A Voyage into a Locavore's Italy

Do you know of the Godia potato? Or the aromatic herbs that grow on the rocks of the Amalfi Coast? Can you imagine a vegetable garden on the mythic island of Capri? Oh yes, Italy is now teeming with enlightened locavores who are changing the boot's traditional landscape.

A Voyage into a Locavore's Italy

Do you know of the Godia potato? Or the aromatic herbs that grow on the rocks of the Amalfi Coast? Can you imagine a vegetable garden on the mythic island of Capri? Oh yes, Italy is now teeming with enlightened locavores who are changing the boot's traditional landscape.

Deep in our hearts, we still hold onto the traditional image, largely of Neapolitan origin, of an everlasting Italy that remains for many the motherland of tomatoes and mozzarella. A recent documentary by a French television channel was titled "Mozzarella, the Business of White Gold”, which just goes to show you the firepower of a product that in the last 15 years has taken over the planet. And of course there are the pastas, in all of their forms and with all of their sauces. There are 200 officially recognized varieties, no less! And finally, the most obvious and also coming from Naples, is pizza. 

The second image we have, which has been particularly proven by the success of the Eataly centres that have spread across the world, from Rome to New York and soon Paris, is the power of Italian brands. Lavazza, Illy, Barilla, and Ferrero are driving this Italy-centric world, demonstrating how Italy is the undisputed country of delicious quality products.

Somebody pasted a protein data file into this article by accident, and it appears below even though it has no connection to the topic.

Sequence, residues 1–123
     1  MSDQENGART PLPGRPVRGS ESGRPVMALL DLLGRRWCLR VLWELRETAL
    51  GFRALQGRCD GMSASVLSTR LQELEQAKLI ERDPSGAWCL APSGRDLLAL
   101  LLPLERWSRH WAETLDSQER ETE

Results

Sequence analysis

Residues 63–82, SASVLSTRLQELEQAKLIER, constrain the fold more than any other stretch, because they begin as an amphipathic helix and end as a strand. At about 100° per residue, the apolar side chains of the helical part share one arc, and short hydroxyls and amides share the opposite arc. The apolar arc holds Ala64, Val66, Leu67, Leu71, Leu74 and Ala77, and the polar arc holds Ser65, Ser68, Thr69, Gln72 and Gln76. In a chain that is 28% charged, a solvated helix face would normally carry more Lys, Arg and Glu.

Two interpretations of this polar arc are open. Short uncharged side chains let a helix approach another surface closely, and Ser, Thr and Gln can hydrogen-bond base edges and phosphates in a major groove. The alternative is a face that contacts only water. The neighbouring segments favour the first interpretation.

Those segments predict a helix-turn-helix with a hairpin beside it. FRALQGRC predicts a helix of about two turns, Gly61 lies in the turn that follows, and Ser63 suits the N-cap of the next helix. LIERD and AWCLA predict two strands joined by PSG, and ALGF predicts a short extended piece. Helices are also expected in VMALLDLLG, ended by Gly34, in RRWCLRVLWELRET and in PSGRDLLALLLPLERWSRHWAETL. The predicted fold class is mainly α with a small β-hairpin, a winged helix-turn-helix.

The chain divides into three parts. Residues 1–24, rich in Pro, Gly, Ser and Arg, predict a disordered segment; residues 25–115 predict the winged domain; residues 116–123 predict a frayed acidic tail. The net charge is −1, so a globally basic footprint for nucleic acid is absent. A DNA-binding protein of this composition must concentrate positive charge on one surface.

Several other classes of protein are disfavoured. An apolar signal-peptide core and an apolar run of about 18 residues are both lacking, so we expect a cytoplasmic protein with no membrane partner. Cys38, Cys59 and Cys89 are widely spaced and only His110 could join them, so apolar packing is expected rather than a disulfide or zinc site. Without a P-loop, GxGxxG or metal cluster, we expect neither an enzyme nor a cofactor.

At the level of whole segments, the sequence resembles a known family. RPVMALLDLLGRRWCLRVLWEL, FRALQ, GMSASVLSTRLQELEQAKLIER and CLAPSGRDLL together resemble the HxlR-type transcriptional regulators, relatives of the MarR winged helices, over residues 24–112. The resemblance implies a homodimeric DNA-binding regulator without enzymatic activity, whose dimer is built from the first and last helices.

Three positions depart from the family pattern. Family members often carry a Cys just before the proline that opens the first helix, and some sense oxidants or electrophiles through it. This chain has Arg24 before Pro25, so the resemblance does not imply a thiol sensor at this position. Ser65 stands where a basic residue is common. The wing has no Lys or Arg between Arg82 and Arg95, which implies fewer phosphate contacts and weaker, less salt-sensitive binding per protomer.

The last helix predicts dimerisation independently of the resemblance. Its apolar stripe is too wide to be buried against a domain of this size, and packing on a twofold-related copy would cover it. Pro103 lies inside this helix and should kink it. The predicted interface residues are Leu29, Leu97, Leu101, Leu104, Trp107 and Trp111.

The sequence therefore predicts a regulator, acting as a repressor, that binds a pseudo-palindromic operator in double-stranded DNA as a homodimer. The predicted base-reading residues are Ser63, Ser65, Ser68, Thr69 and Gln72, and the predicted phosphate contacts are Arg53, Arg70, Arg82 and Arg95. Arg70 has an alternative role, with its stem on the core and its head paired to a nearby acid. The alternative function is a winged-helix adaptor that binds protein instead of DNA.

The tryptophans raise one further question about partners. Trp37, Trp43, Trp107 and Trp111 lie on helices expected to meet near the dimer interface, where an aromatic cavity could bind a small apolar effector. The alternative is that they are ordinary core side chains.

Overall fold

So with all of this already in stores, it would be easy to sit back and relax for a few more centuries by simply changing logos to match the latest trends. But no, Italians are not like that and the younger generations intend to make their lands even more fruitful by spotlighting other local products. This includes in the most legendary of places like Capri, where everything normally comes by boat from the mainland. Thus, to discover the hectare and a half of Caesar Augustus's vegetable gardens, which chef Eduardo Vuolo devours with his eyes every morning before preparing his dishes, is to understand that the choice here is not what is regional, but that which is ultra local. What's the chef's motto? "Never sell your dreams short". It is an ambitious program, but one with a clear objective!

And now Italian locavores are popping up all over the place. Take for example Alois Vanlangenaeker, chef at Il San Pietro di Positano, who each morning transforms into a mountain goat, scaling the rocks of the Amalfi Coast to collect aromatic herbs, fruits, and vegetables in his organic garden. He also uses only that which is local – fish supplied by fishermen from the neighbouring village, olive oil produced with olives from the restaurant's garden.

Too far south for you? No worries, locavores are everywhere! On the coast of Friuli-Venezia Giulia, for instance, the restaurant Agli Amici dal 1887, which enjoys an exceptional setting by way of its geographical situation between the Alps and the Mediterranean Coast, would have made a mistake if it had searched for excellence far away. And since chef Emanuele Scarello is a child of the area, there is the added bonus that he can help you discover delicious treasures that you would not be able to taste anywhere else.

Take for example the Godia potato, named for a tiny village where the production will never break any barriers, but which will provide you with a potato of rare finesse. It is the potato Emanuele uses to make a dish that is once again traditional and one which we would be wrong to forget from the list: gnocchi. Run by the Scarello Family since 1887, the restaurant takes advantage of its family heritage, while also transforming it. 

This is how locavores can work with other flavours, change techniques, and modify ancestral recipes without betraying anything of their terroir, while also keeping up with modern times.

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